“We are on a pathway to rebuild and secure our farm legacy and our future in agriculture,” says Angie. “We work to dispel myths about Black farmers and to be included in the conversation. Trade wars, fair pricing and having the right resources to farm are not black or white issues.”

Both Angie and June have faced discrimination through the farm loan process and sugar cane production contracts in the past. As they started to speak out and question practices, their farm was vandalized multiple times. Due to the many challenges they faced, June, a fourth-generation farmer, lost the family’s 5,000-acre farm in 2015. Angie lost 500 acres in 2017.

“Farming is everything to me. I want to get more Black kids involved in agriculture,” says June. “We are proponents of family farms and want to remain part of modern agriculture.”

Since participating as Young Leaders, the Provosts have become even more active with social media, primarily using Twitter, Instagram and Facebook ( and @juneraisincane) to share their message. They are also considering YouTube.

“Social media for our generation is a tool our ancestors did not have to be open and honest about the situation of Black farmers. It gives us access to a variety of people we might not otherwise reach,” says Angie. “In sharing our views, we have found we are not the only Black farmers in this situation, and we have had white farmers reaching out with support. It is extremely important to advocate for the rights of Black farmers because they are the rights of all farmers.”

Both June and Angie say the Young Leader program gave them the opportunity to visit other soybean production areas and learn about farming from different points of view.

“Farm groups must be intentional in getting Black farmers involved. Agriculture is too important to our nation to not share how farming and American values relate to all of us,” says Angie.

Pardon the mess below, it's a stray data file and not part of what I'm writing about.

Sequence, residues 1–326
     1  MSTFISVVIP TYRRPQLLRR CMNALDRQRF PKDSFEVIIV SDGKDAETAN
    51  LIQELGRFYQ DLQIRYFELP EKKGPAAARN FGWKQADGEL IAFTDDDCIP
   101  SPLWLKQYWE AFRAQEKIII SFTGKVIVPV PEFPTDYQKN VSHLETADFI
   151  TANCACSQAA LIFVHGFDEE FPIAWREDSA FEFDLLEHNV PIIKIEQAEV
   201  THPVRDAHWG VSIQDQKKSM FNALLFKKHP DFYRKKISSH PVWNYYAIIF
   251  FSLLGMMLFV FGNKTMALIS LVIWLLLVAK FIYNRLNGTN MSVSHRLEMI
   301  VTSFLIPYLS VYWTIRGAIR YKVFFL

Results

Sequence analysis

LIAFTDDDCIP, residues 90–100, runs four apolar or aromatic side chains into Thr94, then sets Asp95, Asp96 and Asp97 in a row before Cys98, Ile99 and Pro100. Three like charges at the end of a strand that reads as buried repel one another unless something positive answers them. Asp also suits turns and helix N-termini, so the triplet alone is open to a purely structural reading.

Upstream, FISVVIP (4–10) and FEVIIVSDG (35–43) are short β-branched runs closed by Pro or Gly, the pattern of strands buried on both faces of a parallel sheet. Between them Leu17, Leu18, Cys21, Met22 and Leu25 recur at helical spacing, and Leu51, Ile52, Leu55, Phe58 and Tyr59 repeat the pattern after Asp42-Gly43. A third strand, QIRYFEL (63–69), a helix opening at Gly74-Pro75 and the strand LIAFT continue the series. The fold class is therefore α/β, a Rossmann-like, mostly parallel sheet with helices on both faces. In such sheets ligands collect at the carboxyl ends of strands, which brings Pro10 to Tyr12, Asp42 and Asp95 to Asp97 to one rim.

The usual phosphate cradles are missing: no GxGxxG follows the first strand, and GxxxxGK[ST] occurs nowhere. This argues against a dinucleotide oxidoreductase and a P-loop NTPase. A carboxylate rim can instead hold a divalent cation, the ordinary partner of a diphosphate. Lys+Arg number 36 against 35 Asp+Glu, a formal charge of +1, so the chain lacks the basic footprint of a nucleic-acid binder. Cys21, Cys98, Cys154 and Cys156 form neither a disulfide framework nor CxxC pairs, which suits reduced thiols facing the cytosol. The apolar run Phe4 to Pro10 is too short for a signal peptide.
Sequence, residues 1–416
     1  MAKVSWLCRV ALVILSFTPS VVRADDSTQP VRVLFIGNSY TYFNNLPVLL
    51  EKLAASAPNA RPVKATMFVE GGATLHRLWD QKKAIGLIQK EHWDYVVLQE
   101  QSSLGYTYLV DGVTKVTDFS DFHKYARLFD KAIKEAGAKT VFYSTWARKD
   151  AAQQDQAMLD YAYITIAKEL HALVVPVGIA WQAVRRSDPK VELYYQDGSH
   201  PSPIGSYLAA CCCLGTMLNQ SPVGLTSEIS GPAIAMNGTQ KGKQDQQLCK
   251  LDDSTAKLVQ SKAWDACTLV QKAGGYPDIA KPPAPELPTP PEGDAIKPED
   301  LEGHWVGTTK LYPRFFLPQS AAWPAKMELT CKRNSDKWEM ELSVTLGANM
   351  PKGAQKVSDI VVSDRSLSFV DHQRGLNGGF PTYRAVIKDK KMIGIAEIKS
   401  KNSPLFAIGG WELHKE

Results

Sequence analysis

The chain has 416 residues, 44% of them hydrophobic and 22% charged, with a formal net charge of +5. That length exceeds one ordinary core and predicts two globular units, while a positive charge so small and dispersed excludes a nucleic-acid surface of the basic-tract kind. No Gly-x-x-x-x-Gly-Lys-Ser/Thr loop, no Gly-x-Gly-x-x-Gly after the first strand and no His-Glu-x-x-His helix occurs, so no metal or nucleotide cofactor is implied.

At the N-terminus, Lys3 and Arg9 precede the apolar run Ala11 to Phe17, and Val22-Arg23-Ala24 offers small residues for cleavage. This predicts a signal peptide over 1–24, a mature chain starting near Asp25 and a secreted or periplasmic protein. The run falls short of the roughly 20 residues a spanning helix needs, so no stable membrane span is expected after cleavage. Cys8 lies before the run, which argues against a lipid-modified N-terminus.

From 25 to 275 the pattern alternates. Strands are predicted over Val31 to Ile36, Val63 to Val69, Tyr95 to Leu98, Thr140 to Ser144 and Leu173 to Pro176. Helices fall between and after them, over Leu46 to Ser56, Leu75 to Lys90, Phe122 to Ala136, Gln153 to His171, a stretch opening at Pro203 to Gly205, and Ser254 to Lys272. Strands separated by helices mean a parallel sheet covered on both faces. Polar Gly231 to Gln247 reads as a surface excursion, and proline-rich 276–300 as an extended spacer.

Be personal, add humor

As a way to connect with consumers and legislators, Jordan Scott (left) produces a YouTube channel detailing various aspects of life on the farm as he works alongside wife Samantha (right) and his parents in Valley Springs, South Dakota.

Jordan Scott, Scott Family Farms, Valley Springs, South Dakota, also finds that sharing personal stories rings true with the audiences he reaches through YouTube. And he adds a touch of humor.

“It is good to get your message out to farmers, consumers, legislators and others in a way that connects with people,” says Scott, a fifth-generation farmer.

He and wife Samantha farm with Jordan’s parents. The 1,300-acre corn and soybean farm, which is near Sioux Falls, has been in the family for more than 100 years.

The couple became Young Leaders in 2016, and Jordan was elected to the state soybean board. He also has participated in Soybean Leadership College, Leadership at its Best and ACT. And like Heilman, Scott found ACT a great resource for delving into social media.

“You have to get out of your comfort zone and see yourself on video. It changes your perspective, and it is good to get tips on how to be effective,” he says. “I watched a lot of YouTube videos to get started. It is hard at first and takes time to build a following, but you should just be yourself.”

Scott can be found at Scott Family Farms on Facebook and YouTube and SFamilyFarms on Instagram. He spends about 20 hours a week putting together his YouTube videos.

“I follow myself around all day and tell my story. I talk about our equipment, products we use, plant and soil health and other topics,” he says “I have a broad scope of farmers nationwide, and my city friends follow me. It’s a great way to show the work it takes to be a farmer.”